Skip to main content

Thank you for visiting You are using a browser version with limited support for CSS. To obtain the best experience, we recommend you use a more up to date browser (or turn off compatibility mode in Internet Explorer). In the meantime, to ensure continued support, we are displaying the site without styles and JavaScript.

Is MAC the knife that cuts cytochrome c from mitochondria during apoptosis?


Apoptosis is a phenomenon fundamental to higher eukaryotes and essential to mechanisms controlling tissue homeostasis. Bcl-2 family proteins tightly control this cell death program by regulating the permeabilization of the mitochondrial outer membrane and, hence, the release of cytochrome c and other proapoptotic factors. Mitochondrial apoptosis-induced channel (MAC) is the mitochondrial apoptosis-induced channel and is responsible for cytochrome c release early in apoptosis. MAC activity is detected by patch clamping mitochondria at the time of cytochrome c release. The Bcl-2 family proteins regulate apoptosis by controlling the formation of MAC. Depending on cell type and apoptotic inducer, Bax and/or Bak are structural component(s) of MAC. Overexpression of the antiapoptotic protein Bcl-2 eliminates MAC activity. The focus of this review is a biophysical characterization of MAC activity and its regulation by Bcl-2 family proteins, and ends with some discussion of therapeutic targets.


Apoptosis is a conserved cell death mechanism essential for normal development and tissue homeostasis in multicellular organisms (reviewed in Danial and Korsmeyer1, Antonsson2, Sharpe et al.3, Green and Kroemer4, Kuwana and Newmeyer5, Fadeel and Orrenius6, Lucken-Ardjomande and Martinou7, Martinez-Caballero et al.8 and Dejean et al.9). Two major signaling pathways leading to cell death by apoptosis have been identified. They are the extrinsic pathway (or the death receptor pathway) and the intrinsic pathway (or mitochondrial pathway). The extrinsic pathway involves the activation of receptors in the plasma membrane through the binding of ligands such as the Fas/CD95, TNFα and TRAIL.10 This receptor activation ultimately leads to processes that cleave and activate the initiator procaspases 8 and/or 10 which in turn activate the executioner caspases 3 and/or 7. The executioner caspases are responsible for the appearance of late apoptosis markers such as DNA fragmentation and plasma membrane blebbing.

Mitochondria play a pivotal role in the response of a variety of cell types to a diverse set of apoptotic signals that activate the intrinsic pathway, including DNA damage, growth factor withdrawal, and viral infection. Mitochondria release a number of factors from their intermembrane space, like cytochrome c, Smac/Diablo, and AIF, which promote and amplify the apoptotic cascade from the formation and activation of the apoptosomes to the final destruction of the cell.1, 2, 3, 6, 11 The Bcl-2 family of proteins is a key regulator of the mitochondrial response to apoptotic signals in the intrinsic pathway and contains both pro- and anti-apoptotic members (see other papers in this issue). Many of these proteins localize to mitochondria and finely control the process of apoptosis through regulation of the release of mitochondrial mediators of the apoptotic program into the cytosol (recently reviewed in Danial and Korsmeyer1, Antonsson2, Sharpe et al.3, Green and Kroemer4, Kuwana and Newmeyer5, Lucken-Ardjomande and Martinou7, Martinez-Caballero et al.8, Dejean et al.9, Juin et al.12). The extrinsic and intrinsic pathways initially appeared to be independent. However, it is now clear that a crosstalk exists between the two pathways that is mediated by the ‘BH3 domain-only’ proteins, for example Bid.13 In some cells, extrinsic caspase 8 cleaves Bid to form t-Bid, which facilitates Bax activation and oligomerization in mitochondria. Thus, t-Bid is generated by the extrinsic pathway and goes on to activate the intrinsic pathway.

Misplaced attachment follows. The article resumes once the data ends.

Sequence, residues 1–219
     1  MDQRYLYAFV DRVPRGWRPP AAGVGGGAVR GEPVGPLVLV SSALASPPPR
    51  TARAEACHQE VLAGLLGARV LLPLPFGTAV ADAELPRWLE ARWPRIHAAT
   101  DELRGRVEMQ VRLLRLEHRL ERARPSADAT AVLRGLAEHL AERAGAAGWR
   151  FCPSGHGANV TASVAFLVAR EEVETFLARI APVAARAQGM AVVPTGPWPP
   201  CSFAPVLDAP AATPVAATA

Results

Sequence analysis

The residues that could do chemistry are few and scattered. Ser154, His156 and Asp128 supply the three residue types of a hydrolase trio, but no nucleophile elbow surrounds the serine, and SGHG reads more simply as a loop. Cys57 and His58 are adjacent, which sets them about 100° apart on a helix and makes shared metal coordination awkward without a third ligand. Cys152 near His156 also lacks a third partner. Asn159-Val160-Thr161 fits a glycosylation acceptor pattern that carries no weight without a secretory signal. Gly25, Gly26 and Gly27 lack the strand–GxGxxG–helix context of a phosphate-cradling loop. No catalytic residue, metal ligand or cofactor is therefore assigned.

The mechanisms responsible for the release of mitochondrial mediators of cell death are still a subject of lively discussion. It was first hypothesized that the opening of the permeability transition pore (PTP) of the inner membrane would cause swelling of the matrix space, which would rupture the outer membrane, and spill cytochrome c and other proapoptotic proteins into the cytosol.14, 15, 16 However, it was recently shown that sustained PTP opening is primarily involved in necrosis and ischemia–reperfusion.17, 18, 19 Cyclophilin-D is a regulator of the PTP. Remarkably, cyclophilin-D deficient cells died normally in response to apoptotic stimuli known to activate both the extrinsic and intrinsic pathways, but showed resistance to necrotic cell death induced by reactive oxygen species and Ca2+ overload.17 Furthermore, cytochrome c release can occur in the absence of mitochondrial depolarization and without loss of outer membrane integrity. These observations indicate that, instead of rupturing, a more selective mechanism of permeabilization is operating, like the formation of a pore in the outer membrane.11, 20, 21, 22, 23, 24

The mitochondrial apoptosis-induced channel (MAC), was detected by directly patch clamping mitochondria isolated from cells in early apoptosis. MAC activity is exquisitely regulated by Bcl-2 family proteins and can initiate release of apoptotic mediators from mitochondria to commit the cell to die.20, 23, 24 Nevertheless, MAC and PTP transient opening may act alone or in combination, depending on cell type and death stimulus, to relocalize Bax to the mitochondria, remodel the cristae, and maximize cytochrome c release to amplify the death signal.22, 25